In 2008, Lockheed Martin was awarded the contract for the design, development and production of the GPS III Non-Flight Satellite Testbed and the first two GPS III satellites, with priced options for up to 10 additional satellites. In early 2012, the Air Force exercised a $238 million option for production of the next two satellites, GPS III space vehicles three and four. The Air Force plans to purchase up to 32 GPS III satellites.

The GPS III team is led by the Global Positioning Systems Directorate at the U.S. Air Force Space and Missile Systems Center, Los Angeles Air Force Base, Calif. Lockheed Martin is the GPS III prime contractor with teammates ITT Exelis, General Dynamics, Infinity Systems Engineering, Honeywell, ATK and other subcontractors. Air Force Space Command’s 2nd Space Operations Squadron, based at Schriever Air Force Base, Colo., manages and operates the GPS constellation for both civil and military users.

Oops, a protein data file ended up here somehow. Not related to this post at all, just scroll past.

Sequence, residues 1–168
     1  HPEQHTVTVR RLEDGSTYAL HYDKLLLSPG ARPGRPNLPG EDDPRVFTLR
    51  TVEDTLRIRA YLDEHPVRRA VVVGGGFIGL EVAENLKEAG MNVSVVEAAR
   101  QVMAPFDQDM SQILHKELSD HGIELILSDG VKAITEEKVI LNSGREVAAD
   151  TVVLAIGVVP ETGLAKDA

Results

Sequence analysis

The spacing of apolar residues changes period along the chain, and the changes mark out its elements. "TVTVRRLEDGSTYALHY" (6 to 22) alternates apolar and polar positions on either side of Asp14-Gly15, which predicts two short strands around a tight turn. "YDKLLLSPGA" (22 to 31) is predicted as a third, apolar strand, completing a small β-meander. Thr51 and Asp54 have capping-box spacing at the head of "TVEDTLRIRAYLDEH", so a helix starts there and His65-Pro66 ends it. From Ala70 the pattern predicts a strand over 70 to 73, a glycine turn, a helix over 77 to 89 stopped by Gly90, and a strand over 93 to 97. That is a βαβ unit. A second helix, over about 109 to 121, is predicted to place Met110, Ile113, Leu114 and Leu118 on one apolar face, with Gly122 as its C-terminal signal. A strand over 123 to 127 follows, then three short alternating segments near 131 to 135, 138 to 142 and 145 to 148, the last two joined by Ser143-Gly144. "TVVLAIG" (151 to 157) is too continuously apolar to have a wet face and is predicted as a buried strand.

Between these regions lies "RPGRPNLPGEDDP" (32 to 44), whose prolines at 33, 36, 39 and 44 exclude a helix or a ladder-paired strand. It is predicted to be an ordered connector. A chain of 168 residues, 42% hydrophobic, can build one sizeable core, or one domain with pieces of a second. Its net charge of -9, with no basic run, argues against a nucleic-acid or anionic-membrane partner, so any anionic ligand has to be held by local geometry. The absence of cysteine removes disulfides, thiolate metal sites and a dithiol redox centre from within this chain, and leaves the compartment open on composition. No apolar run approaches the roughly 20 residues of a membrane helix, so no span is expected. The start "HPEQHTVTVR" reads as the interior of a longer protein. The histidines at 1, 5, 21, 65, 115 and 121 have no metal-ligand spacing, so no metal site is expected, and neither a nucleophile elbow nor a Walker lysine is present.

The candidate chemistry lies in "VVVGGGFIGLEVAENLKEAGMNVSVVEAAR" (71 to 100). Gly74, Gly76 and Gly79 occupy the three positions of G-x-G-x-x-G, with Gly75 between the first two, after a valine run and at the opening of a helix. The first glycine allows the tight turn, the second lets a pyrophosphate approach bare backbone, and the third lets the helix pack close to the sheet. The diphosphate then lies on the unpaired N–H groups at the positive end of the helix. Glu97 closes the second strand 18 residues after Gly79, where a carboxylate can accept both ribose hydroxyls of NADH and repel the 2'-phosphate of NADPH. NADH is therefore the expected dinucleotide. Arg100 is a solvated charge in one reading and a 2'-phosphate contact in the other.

All of this week's top headlines to your email every Friday.


 
 

 

Northrop Grumman passes key design review for B-2 weapons management upgrade

Northrop Grumman has successfully demonstrated to the U.S. Air Force that its plans to upgrade key weapons management software for the B-2 stealth bomber are on track and ready to proceed to the next level of development. The company successfully completed the critical design review of the service’s Flexible Strike Phase 1 program on Feb...
 
 

Boeing creates defense data analytics group

As part of a focus on increasing its global competitiveness, Boeing Defense, Space & Security is creating a new data analytics organization to provide customers with new and advanced offerings for leveraging information technologies across its products and services. Also, Chris Raymond, currently the vice president of Business Development & Strategy for Defense, Space &...